THEY didn’t all make it. The BBC’s highest-profile religious series (now a mere three episodes) for Holy Week/Easter was another outing of Pilgrimage: The road through Portugal (BBC2) (Feature, 31 March). This year, the seven “celebrities” followed what was continuously described as the modern Roman Catholic — not, apparently, Christian — pilgrim route to Fatima, in Portugal, the shrine commemorating the place at which three shepherd children are reported to have seen an apparition of the Virgin Mary in 1917.
As now customary, the celebrities either came from a spectrum of faiths, practising or not, or were spiritually curious but without faith. We saw the moving process of the group growing together, of learning from each other, of gaining understanding and tolerance, and experiencing, often for the first time, what deep faith can mean for others if not for themselves. But the bombshell was lobbed by Shane Lynch, a former member of the band Boyzone, and now a fervent born-again Pentecostal, who had seemed in many ways among the strongest of the group: helpful, approachable, open.
On the final morning, as the group were preparing for the climactic moment of the candlelit procession at the shrine, Mr Lynch told them by voicemail that he had left, having already, in his estimation, derived everything possible from the experience. It underlined a significant weakness in the format.
The fixers, support staff, and advisers who must underpin these walks are never shown, maintaining the illusion that, somehow, the pilgrims make their own way unaided. This 11th-hour exit, without the courage to tell them face to face that he was leaving, must have devastated the group. Surely they were overwhelmed by abandonment, bereavement, anger; and, no doubt, the support team did all they could to help — but we never saw it. This could have been a moment of deep reflection on how religions understand and deal with loss, and where God might be at such times: it was a great opportunity missed.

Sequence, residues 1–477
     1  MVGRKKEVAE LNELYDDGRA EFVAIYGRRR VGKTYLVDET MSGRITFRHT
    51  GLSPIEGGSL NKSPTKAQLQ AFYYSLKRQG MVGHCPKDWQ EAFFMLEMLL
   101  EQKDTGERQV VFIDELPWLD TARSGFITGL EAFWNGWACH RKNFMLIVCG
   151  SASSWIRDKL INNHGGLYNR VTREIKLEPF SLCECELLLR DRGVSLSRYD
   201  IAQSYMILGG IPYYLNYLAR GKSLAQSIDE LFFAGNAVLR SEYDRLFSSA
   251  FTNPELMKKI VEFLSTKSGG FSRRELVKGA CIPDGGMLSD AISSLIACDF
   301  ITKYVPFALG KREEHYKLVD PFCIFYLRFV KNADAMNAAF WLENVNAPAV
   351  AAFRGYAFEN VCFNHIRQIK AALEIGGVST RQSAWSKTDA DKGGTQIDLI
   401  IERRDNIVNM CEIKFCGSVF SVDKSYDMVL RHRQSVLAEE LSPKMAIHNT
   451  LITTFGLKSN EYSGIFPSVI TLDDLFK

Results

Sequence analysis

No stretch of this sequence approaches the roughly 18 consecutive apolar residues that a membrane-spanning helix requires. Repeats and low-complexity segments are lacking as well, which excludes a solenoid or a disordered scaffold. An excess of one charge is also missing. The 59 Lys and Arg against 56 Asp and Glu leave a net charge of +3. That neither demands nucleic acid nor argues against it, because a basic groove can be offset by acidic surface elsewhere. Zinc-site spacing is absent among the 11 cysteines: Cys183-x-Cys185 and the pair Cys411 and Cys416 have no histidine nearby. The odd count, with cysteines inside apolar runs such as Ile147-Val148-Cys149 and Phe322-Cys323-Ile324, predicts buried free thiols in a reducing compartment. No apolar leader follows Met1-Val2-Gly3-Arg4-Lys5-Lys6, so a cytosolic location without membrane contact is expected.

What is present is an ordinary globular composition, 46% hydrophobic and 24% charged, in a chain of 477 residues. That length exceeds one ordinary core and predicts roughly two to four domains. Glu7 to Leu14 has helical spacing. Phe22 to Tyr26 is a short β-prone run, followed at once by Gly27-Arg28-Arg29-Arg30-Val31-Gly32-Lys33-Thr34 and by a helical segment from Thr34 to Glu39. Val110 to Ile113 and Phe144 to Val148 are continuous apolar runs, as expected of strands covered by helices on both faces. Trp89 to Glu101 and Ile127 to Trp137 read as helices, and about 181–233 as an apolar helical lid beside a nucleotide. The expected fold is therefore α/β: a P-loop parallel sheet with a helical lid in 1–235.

The pilgrims met an enclosed Carmelite Sister who had actually known one of the shepherd children in her old age. Why, they asked, must they converse through an iron grill? The bars, the nun assured them, did not imprison her — they brought her freedom.
A similarly counter-intuitive point was made by Shoshi and Saul, the stars of The Highs and Lows of a Kosher Marriage: Love, faith and me (BBC1, Wednesday of last week). It focused on the monthly 12 days of strict separation they follow, as dictated by Shoshi’s menstrual cycle. Not only refraining from sex, they must not touch, nor even simultaneously touch, the same object. And yet they insisted that such draconian rigour only strengthened their mutual love and attraction.
The Windsor Castle Fire: The untold story (Channel 4, Saturday), focusing powerfully on the testimonies of the firefighters, reminded us that the conflagration started in the private chapel, in a bitter parody of the Holy Spirit’s overflowing Pentecostal flames.